Loyalist (American Revolution)

Britannia offers solace and a promise of compensation for her exiled American-born Loyalists. (Reception of the American Loyalists by Great Britain in the Year 1783. Engraving by H. Moses after Benjamin West.)

Loyalists were American colonists who remained loyal to the British Crown during the American Revolutionary War. At the time they were often called Tories, Royalists, or King's Men. They were opposed by the Patriots, those who supported the revolution and called them "persons inimical to the liberties of America". [1] Prominent Loyalists repeatedly assured the British government that many thousands of loyalists would spring to arms and fight for the crown. The British government acted in expectation of that, especially in the southern campaigns in 1780-81. In practice, the number of loyalists in military service was far lower than expected. Across the colonies, Patriots watched suspected Loyalists very closely, and would not tolerate any organized Loyalist opposition. Many outspoken or militarily active loyalists were forced to flee, especially to their stronghold of New York City. William Franklin, the royal governor of New Jersey and son of Patriot leader Benjamin Franklin after his release from a Patriot prison in 1778, became the leader of the Loyalists. He worked to build Loyalist military units to fight in the war, but the number of volunteers was much fewer than London expected.

When their cause was defeated, about 15% of the Loyalists (65,000–70,000 people) fled to other parts of the British Empire, to Britain itself, or to British North America (now Canada). The southern colonists moved mostly to Florida, which had remained loyal to the Crown, and to British Caribbean possessions, often bringing along their slaves. Northern Loyalists largely migrated to Ontario, Quebec, New Brunswick, and Nova Scotia. They called themselves United Empire Loyalists. Most were compensated with Canadian land or British cash distributed through formal claims procedures. Exiled Loyalists received £3 million or about 37% of their losses from the British government. Loyalists who stayed in the U.S. were generally able to retain their property and become American citizens. [2]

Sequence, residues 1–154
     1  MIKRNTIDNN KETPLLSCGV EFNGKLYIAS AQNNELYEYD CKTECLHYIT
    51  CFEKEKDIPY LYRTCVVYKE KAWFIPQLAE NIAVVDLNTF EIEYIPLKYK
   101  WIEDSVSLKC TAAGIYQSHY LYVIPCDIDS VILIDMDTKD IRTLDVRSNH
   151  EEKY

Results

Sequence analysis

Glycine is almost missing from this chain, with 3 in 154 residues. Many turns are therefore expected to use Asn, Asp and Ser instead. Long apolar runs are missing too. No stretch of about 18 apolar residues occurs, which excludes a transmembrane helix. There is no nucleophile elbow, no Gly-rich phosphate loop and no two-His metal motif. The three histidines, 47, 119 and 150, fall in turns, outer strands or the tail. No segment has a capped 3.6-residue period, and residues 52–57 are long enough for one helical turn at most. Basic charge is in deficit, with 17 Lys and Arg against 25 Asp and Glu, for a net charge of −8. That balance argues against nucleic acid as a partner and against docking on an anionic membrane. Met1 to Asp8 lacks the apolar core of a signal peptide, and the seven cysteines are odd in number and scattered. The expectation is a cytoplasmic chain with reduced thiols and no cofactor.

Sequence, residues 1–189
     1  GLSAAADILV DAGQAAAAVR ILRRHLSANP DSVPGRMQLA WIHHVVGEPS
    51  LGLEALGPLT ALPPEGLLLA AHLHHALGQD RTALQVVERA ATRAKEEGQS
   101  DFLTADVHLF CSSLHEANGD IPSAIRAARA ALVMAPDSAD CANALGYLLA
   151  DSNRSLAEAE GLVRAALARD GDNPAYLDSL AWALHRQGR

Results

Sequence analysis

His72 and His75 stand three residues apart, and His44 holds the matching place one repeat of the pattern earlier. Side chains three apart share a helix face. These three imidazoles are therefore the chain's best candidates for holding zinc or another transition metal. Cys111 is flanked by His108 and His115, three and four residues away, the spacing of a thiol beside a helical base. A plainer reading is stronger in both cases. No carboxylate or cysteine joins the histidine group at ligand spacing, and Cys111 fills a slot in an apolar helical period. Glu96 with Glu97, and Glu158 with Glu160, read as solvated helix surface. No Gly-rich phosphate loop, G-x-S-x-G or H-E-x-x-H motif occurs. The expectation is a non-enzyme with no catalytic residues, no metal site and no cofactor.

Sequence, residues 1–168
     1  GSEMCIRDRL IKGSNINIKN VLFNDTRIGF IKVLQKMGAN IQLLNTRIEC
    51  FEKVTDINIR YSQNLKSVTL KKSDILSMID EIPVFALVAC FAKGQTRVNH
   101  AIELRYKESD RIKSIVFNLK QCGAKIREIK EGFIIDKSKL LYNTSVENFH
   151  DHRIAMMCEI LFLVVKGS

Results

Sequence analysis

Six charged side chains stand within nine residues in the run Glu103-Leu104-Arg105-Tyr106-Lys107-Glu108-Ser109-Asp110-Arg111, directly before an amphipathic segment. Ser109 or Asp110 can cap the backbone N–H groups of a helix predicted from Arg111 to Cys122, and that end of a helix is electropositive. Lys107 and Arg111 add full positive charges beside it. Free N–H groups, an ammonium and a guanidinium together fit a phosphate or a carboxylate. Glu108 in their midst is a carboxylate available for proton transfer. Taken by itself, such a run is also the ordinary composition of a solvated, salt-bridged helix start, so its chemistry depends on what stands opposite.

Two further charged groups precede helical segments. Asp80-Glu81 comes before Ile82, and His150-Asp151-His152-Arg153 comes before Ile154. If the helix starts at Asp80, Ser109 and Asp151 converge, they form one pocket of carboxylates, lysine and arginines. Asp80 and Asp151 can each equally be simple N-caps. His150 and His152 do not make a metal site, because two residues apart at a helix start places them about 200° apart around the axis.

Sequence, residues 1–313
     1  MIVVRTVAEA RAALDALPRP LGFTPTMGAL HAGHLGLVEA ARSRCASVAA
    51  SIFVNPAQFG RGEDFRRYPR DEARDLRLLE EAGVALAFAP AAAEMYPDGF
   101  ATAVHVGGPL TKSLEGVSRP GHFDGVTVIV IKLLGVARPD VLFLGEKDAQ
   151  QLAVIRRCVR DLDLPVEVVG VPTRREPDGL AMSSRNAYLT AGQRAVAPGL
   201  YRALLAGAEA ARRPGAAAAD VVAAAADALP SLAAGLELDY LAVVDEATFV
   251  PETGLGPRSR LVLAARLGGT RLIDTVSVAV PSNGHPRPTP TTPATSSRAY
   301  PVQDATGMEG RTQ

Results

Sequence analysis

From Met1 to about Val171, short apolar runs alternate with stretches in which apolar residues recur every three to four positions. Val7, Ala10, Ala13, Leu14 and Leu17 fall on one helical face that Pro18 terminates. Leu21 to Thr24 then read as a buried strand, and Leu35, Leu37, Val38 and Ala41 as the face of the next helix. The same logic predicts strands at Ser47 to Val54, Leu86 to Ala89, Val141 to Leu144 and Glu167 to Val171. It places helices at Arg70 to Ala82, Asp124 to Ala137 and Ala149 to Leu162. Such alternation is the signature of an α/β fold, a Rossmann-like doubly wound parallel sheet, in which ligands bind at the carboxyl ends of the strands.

Historians have estimated that between 15 and 20 percent of the 2 million whites in the colonies in 1775 were Loyalists, or about 300,000-400,000 men, women and children. [3]


The American Revolution was a civil war based on who would rule in the Thirteen Colonies. Families were often divided as war forced colonists to choose sides in a conflict that remained for many years uncertain. Colonists, especially recent arrivals, often felt themselves to be both American and British, subjects of the King, still owing a loyalty to the mother country. Many, like Maryland lawyer Daniel Dulaney, opposed taxation without representation, but would not break their oath to the King or take up arms against him. In one of his many pamphlets, Dulaney wrote: "There may be a time when redress may not be obtained. Till then, I shall recommend a legal, orderly, and prudent resentment". [4] Most hoped for a peaceful reconciliation, and were forced by the Patriots who took control nearly everywhere in 1775-76 to choose sides. [5]

Likely the earliest formal meeting, and use of the term "Loyalist" and the source of the United Empire Loyalist ("UEL") acronym, took place in Boston on October 28, 1775. At the meeting, held at the suggestion of General Thomas Gage, these Loyalists formed a society called "The Loyalist Associators Desiring the Unity of the Empire". [6]

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